lunes, 25 de junio de 2007

Yale contra el Estado peruano, según el NYT

Si no lo han leído, tienen que leer esto... es el artículo de Arthur Lubow, del NYT Magazine del domingo, sobre la controversia entre la Universidad de Yale y el Estado peruano sobre la devolución de las piezas que Bingham se llevó de Machu Picchu... el artículo expresa una posición de parte, y está lleno de comentarios de lo más insidiosos... sutilmente descalifica la posición peruana caricaturizando a quienes la han defendido. Esto tiene que merecer una respuesta de todos los personajes involucrados. Algunos extractos:

"Before being admitted to see Karp-Toledo on that morning in August 2002, Burger and Salazar were kept waiting for an hour and a half while she conferred with an anthropologist, Luis Lumbreras, who was well known to the Yale couple. A charismatic Marxist, Lumbreras was one of Salazar’s professors at San Marcos. He is an expert on pre-Inca Peruvian cultures, and is best known academically for his pioneering excavations of an ancient ceremonial capital, Chavín de Huantar. Burger later worked at the same site and published studies that discredited many of Lumbreras’s conclusions. Scholars can be as jealously territorial as nations when it comes to the proprietorship of cultural patrimony. Entering Karp-Toledo’s office, Burger and Salazar discovered with mild consternation that Lumbreras would be participating in the discussion. Soon after, the president himself appeared.

“During the meeting, Toledo came in and gave his opinion,” Burger said.

“It was the first time we saw him,” Salazar continued. “He said: ‘I saw the proposal, it’s great. When can I sign? I want to be at the opening of the exhibition.’ ”

After Toledo made his exuberant offer to travel to New Haven, there was an uneasy silence. Then his wife reprimanded him.

“Eliane raised her finger and said, ‘You’re not going anywhere,’ ” Salazar continued.

“That moment was embarrassing, for me as a Peruvian.”

“For me as a man it was embarrassing,” Burger said.

“He started to fix his tie,” Salazar went on.

“He said, ‘I have to go back to my cabinet meeting, I have left all cultural matters in Eliane’s hands,’ ” Burger recalled.

Once Toledo departed, Karp-Toledo expressed herself clearly.

“It was very uncomfortable,” Burger said. “She said she wanted everything back. It was a question of legal repatriation.”

“She said, ‘This is a proposal that you have written, not that we have written,’ ” Salazar said.

“Lumbreras began to give a history of Machu Picchu that was completely wrong,” Burger said. “He was saying that all of the material should have been returned in six months.” Evidently, Karp-Toledo was guided by his counsel.

“Eliane is a child of the ’60s, of Paris and Berkeley, of the rights of indigenous people,” Burger told me. “For her, meeting Lumbreras is like meeting the reincarnation of Che Guevara, the embodiment of the Latin American revolution.”


"At this point, the cultural-patrimony dispute between Peru and Yale began to resemble one of those bitter custody battles in which the adoptive parents painstakingly document how they have provided the child with a superior home while the birth parents, insisting that they never intended to give up their progeny permanently, seek recourse in the courts. In some ways, Peru’s claim against Yale mirrored the more famous bickering between the British Museum, which maintains that Lord Elgin rescued the Parthenon frieze from target practice and souvenir seekers, and the Greek government, which argues that a central treasure of its history was illegitimately seized while the country was under the colonial domination of the Ottoman Empire. The Peruvian case, however, featured a legal paper trail of documents"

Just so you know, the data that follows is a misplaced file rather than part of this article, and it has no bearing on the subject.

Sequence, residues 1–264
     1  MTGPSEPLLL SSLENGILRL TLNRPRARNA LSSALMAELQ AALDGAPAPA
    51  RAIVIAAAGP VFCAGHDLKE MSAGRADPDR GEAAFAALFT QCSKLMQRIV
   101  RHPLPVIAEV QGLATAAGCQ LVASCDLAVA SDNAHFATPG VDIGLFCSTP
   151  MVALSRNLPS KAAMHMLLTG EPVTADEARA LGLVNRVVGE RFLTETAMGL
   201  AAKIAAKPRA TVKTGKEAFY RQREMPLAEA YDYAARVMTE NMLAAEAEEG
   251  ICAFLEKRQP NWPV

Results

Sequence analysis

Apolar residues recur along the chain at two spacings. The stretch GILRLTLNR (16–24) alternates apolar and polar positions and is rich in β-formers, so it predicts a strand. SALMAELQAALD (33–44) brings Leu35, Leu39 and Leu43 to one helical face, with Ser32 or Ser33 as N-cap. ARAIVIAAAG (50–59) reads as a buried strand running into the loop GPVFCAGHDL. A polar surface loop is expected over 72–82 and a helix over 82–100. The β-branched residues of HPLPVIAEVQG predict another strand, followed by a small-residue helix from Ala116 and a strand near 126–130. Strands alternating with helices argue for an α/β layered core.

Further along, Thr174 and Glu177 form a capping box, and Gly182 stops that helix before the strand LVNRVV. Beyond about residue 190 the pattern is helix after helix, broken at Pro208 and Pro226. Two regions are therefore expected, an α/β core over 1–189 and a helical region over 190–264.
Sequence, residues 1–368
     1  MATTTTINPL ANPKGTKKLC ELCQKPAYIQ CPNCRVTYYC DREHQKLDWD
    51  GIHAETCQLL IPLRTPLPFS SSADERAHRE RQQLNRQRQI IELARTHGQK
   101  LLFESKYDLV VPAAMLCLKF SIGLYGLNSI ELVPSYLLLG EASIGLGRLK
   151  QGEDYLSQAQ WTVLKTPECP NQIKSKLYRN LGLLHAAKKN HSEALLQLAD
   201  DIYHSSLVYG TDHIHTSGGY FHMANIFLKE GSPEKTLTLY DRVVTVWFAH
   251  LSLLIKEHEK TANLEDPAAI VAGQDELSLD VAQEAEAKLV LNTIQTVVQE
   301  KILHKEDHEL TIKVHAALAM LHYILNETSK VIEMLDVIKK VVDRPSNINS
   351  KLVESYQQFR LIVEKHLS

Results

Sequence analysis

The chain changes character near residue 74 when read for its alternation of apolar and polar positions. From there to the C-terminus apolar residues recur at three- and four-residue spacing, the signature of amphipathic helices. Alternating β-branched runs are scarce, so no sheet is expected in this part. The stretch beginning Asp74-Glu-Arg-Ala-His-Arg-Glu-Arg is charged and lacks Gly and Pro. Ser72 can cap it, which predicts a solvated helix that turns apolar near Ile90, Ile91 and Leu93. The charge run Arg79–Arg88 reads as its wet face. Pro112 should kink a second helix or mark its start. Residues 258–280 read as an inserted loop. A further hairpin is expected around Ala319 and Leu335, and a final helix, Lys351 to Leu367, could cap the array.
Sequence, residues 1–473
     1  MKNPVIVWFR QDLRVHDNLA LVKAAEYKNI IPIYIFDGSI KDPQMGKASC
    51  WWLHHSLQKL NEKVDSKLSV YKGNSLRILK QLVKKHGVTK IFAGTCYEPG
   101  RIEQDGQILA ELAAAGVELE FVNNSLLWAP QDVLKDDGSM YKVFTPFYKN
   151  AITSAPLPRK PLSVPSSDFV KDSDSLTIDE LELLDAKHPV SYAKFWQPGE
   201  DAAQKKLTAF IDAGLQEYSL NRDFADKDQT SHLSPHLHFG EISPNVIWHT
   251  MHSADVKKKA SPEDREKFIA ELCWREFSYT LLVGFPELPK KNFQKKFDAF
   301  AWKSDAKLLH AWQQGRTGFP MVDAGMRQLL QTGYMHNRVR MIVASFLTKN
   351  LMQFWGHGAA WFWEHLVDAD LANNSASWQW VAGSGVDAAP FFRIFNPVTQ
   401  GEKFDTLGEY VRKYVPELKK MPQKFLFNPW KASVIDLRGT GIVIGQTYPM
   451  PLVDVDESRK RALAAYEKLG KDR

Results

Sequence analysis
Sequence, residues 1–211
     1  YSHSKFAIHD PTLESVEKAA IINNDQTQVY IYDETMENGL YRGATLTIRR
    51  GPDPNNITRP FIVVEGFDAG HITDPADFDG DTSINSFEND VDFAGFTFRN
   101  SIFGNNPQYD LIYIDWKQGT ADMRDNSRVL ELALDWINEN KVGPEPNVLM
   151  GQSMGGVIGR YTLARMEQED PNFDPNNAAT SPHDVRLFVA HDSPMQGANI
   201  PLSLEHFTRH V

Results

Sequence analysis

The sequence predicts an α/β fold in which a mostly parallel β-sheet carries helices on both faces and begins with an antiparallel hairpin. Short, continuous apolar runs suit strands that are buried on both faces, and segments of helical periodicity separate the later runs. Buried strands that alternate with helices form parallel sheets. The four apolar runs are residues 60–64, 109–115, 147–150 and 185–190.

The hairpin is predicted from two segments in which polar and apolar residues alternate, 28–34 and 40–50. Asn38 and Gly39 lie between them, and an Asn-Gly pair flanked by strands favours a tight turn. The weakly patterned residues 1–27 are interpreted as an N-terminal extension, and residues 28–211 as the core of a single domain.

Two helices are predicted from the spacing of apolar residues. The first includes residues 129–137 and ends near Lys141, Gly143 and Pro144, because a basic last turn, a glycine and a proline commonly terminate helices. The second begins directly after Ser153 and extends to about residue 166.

"Historic relics have pragmatic value: politically, for purposes of national pride and partisan advantage; economically, for display to tourists, museumgoers, magazine readers and TV-program watchers; scientifically, as research material for scholars pursuing academic careers; and, most nakedly, as merchandise for dealers in antiquities. In comparing the arguments and motivations of the different claimants to the Yale collection, I often identified with historians of the Inca trying to untangle those Spanish chronicles that were spun from the tales of native informants with their own purposes. The people at Yale say that they have preserved the collection as a legacy of a great civilization and they want to continue to study these artifacts to learn more about that culture. They are also paying tribute to one of the most colorful and glamorous figures in the university’s history. The Peruvians celebrate their own legendary ancestor when they describe the urgency of their case, but they also have very down-to-earth political and commercial uses for the collection. “Cultural patrimony” — the phrase sounds so otherworldly. Bingham and Pachacuti were both very practical men. They would not have been fooled for a minute".

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Anónimo dijo...

En El Peruano se recogen declaraciones de Mariana Mould